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Spring HelloWorld Example in Java Annotations and Autowiring [Tutorial]

Spring framework has gone a couple of releases since I last share the Spring hello world example with XML configuration. In this article, I am going to explain to you how to create a Spring hello world example with Spring 4.2 release and by using Annotation for dependency injection and autowiring. So no more XML files to specify bean dependencies. It's a simple program that shows how you can use the Spring framework to create Services that are loosely coupled. The example will show you the basic concept of dependency injection by creating a simple Java application that greets the user.

It's actually a little bit complex version of a simple Helloworld program but if you need decoupling and in-direction you need to accept some level of complexity. That's the price you need to pay to achieve flexibility in your code.

In this example, I have a GreetingSevice interface that has just one method greet(). This method is supposed to return a greeting of the day like "Good Morning", "Good AfterNoon, "Good Evening" etc.

Then I have a GreetingBot which prints greeting. This class is decoupled from the GreetingService implementation, with Spring Framework wiring everything together. This means you can provide any kind of GreetingService to greet the user you want like "Hi", "Hello", "Howdy", or whatever you like.

This is possible because GreetingBot calls GreetingService.greet() method to print messages. The good thing is that you don't need to inject any dependency, everything is wired by the Spring framework using auto-wiring.

If you are not familiar with auto-wiring, I suggest you check a comprehensive Spring framework course like Spring MasterClass - Beginner to Expert. There are a lot of different options for wiring and this course will show you that in detail.

Java Source files and classes

This is our Service interface, which defines a service method, implemented by a Service provider class.

package hello;
public interface GreetingService {
  String greet();

A class that uses the GreetingService interface to print greetings. In other words, this is the class that greets users but it is dependent on GreetingService for that, and the Spring framework provides that dependency to this class. At runtime, Spring Framework injects an instance of GreetingService to this class, which is then used by the print() method.

package hello;
import org.springframework.beans.factory.annotation.Autowired;
import org.springframework.stereotype.Component;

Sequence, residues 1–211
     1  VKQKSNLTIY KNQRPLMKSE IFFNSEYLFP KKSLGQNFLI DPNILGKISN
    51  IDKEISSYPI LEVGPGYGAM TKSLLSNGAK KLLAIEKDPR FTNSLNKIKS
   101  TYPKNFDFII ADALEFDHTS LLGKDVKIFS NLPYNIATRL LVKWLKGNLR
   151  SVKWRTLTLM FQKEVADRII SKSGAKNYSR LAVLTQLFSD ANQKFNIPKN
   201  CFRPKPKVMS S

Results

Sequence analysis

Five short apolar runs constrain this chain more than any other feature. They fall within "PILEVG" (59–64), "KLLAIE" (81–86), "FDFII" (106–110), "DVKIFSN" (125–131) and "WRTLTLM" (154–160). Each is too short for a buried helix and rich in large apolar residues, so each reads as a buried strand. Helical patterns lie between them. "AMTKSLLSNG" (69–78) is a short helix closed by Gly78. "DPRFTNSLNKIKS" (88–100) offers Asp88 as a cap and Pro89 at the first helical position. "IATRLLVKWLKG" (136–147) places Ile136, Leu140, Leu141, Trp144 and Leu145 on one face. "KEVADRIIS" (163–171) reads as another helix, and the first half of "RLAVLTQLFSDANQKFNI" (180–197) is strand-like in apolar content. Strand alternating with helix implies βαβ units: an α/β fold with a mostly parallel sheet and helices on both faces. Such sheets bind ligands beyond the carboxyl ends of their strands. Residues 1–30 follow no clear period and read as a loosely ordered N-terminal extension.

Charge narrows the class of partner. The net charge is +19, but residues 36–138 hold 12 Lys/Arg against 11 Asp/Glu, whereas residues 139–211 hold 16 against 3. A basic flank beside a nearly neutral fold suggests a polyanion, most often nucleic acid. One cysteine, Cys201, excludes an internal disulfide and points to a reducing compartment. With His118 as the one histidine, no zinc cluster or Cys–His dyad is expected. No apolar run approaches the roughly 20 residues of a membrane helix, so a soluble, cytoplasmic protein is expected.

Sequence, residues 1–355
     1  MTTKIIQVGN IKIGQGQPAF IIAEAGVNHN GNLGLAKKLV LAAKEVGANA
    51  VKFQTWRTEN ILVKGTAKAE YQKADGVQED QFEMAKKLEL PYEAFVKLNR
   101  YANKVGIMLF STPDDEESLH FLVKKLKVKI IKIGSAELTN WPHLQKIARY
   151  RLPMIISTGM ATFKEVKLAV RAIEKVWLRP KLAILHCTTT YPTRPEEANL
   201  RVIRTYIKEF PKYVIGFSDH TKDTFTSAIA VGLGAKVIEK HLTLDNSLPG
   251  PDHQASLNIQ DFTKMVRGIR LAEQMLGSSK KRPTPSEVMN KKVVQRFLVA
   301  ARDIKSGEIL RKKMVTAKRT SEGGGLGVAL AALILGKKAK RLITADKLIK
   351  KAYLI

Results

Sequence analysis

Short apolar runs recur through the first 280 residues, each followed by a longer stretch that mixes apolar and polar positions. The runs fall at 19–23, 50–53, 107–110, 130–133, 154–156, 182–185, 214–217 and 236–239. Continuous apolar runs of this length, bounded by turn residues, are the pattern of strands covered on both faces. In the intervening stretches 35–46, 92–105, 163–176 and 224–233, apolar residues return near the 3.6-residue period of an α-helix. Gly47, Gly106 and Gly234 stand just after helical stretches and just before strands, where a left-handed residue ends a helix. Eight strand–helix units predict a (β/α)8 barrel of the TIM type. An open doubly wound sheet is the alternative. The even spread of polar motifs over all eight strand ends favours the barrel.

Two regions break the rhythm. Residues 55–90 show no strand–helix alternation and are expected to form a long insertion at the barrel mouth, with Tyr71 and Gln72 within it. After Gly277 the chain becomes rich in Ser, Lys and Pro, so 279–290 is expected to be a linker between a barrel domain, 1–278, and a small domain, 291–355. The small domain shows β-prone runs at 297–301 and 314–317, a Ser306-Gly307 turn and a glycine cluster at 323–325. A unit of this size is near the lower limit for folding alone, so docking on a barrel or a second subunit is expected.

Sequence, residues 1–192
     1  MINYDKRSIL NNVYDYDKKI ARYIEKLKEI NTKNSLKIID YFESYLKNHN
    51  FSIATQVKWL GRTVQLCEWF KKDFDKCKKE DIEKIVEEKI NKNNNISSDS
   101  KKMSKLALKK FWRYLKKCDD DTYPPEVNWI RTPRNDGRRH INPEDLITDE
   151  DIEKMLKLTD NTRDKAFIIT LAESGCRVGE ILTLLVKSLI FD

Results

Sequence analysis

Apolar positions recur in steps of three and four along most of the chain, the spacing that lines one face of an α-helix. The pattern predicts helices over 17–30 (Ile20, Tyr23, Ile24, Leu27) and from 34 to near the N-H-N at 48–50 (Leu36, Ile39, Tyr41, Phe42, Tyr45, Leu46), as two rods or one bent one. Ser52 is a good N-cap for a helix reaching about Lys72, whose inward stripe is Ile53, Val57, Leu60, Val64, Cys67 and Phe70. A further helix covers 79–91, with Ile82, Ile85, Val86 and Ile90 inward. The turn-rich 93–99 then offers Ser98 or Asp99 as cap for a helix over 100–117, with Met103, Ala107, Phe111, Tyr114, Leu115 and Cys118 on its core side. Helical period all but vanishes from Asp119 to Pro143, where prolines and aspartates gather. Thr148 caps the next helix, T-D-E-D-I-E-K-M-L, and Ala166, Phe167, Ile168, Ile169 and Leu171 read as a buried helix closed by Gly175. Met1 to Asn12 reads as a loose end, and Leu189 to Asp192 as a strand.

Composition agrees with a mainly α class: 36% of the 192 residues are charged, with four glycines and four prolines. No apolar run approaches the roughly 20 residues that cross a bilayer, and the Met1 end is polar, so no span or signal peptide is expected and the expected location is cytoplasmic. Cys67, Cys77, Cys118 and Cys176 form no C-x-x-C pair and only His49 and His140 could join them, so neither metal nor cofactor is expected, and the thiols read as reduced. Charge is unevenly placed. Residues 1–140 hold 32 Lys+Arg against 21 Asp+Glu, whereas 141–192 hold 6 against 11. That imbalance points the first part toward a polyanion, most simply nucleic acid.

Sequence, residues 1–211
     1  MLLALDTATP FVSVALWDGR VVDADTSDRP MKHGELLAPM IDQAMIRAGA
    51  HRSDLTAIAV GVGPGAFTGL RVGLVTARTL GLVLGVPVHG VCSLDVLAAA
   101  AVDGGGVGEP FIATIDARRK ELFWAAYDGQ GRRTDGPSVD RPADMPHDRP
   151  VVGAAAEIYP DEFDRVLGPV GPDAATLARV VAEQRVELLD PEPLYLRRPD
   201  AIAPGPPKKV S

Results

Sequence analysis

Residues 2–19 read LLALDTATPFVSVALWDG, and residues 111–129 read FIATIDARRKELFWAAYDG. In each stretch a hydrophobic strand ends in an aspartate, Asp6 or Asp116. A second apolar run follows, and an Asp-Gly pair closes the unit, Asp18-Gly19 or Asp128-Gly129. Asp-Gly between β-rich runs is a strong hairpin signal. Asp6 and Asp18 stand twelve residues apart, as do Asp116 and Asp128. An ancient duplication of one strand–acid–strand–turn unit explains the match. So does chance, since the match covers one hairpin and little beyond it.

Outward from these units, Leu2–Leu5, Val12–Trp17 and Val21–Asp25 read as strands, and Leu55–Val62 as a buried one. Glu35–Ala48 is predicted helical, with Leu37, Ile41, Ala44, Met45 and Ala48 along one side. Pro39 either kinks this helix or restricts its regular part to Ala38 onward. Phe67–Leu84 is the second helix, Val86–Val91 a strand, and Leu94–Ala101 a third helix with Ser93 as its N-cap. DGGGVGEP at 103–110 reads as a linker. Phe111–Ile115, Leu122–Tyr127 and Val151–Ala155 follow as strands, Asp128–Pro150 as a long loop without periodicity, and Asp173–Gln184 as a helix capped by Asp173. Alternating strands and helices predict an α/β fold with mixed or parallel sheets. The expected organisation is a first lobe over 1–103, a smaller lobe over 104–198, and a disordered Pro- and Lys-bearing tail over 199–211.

public class GreetingBot {
  final private GreetingService service;
  public GreetingBot(GreetingService service) {
    this.service = service;
  public void print() {

This is our application class, this is the class from which the execution of our Java application starts. This class uses earlier classes to build an application. This is the class that is also annotated with @Configuration and @ComponentScan annotations which means it will be used as configuration as well.

If you look at the code, you will find a main() method, the entry point of the Java application. In this method, the first line of code is about ApplicationContext, which represents a Spring container. In this case, I have used AnnotationConfigApplicatoinContext, which is one implementation of this interface and works based upon annotations.

If you see, we don't have any Spring XML config file, so how does the container know about Spring bean? Well, that's where @Bean annotation is used. If you look closely, you will see we have a method called mockGreetingService() which returns a mock implementation of GreetingService implementation, this method is annotated with @Bean annotations and Spring uses this method to inject dependency on GreetingBot class.

When we call the context.getBean() method returns an instance of GreetingBot which is properly configured with a mock implementation for the GreetingService interface. This all happens under the hood and it's completely transparent to Java developers.  Btw, if you are interested to learn more you can see Spring Framework 5: Beginner to Guru to learn more about Spring container and how exactly the Spring framework works.

package hello;
import org.springframework.context.ApplicationContext;
import org.springframework.context.annotation.*;
public class Main {
  GreetingService mockGreetingService() {
    return new GreetingService() {